Playing with RF (and breaking things!)

Today I got to play with one of my old toys.
My colleague is studying for the CWNA course and I wanted to explain CSMA/CD and the impact of RF interference.
This gave me the opportunity to bring out this gadget I put together a couple of years ago.

RF-generator

It’s my homemade RF-jammer built with four 2,4 Ghz video transmitters, a chargeable battery and 4 switches.
The transmitters can use four different frequencies and are programmed via a jumper.
This is how it looks with a spectrum analyzer:

RD-pattern

Operating with 100% utilization in a pretty narrowband signal.
In frequency the four transmitters operate at WiFi channel between 1&2, at channel 5, around channel 9 and between channel 12 & 13.
Since WiFi channels operate with 20 or 22 Mhz width depending on modulation this will be enough to “take out” any channel.

RF-all-channels

Creating an hostile environment

So what happens to our client connected to channel 11 when we turn on the jammer?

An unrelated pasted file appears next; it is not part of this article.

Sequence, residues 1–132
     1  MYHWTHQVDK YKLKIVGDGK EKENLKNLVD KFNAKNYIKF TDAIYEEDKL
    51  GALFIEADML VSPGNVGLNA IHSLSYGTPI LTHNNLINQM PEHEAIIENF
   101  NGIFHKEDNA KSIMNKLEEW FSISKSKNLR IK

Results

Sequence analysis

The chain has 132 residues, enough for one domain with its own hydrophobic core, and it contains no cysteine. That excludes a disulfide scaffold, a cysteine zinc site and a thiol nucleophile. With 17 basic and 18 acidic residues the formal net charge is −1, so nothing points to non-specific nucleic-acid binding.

Connected-clientSpectrum-client-connected

Spectrum-client-and-genaratorClient-disconneced

It lost the connection totally.
This is because the client in the CSMA/CD process listen if there is anyone else that uses the channel.
If it hears a 802.11 frame at -82dbm or louder it’s not allowed to send data.
It also perform a RF energy detect at -62dbm to discover non 802.11 devices using the channel.
Since the jammer doesn’t have any CSMA/CD built in, it will continue to transmit regardless of what else wants to use the channel. The WiFi client (or/and the AP) that sees RF energy at above -62dbm does not have a chance to send any frames and the communication is interrupted.
If the signal had been below -62dbm the client could have transmitted data but the frame would most likely have been corrupted.

This toy is always a good reminder to how vulnerable WiFi is.

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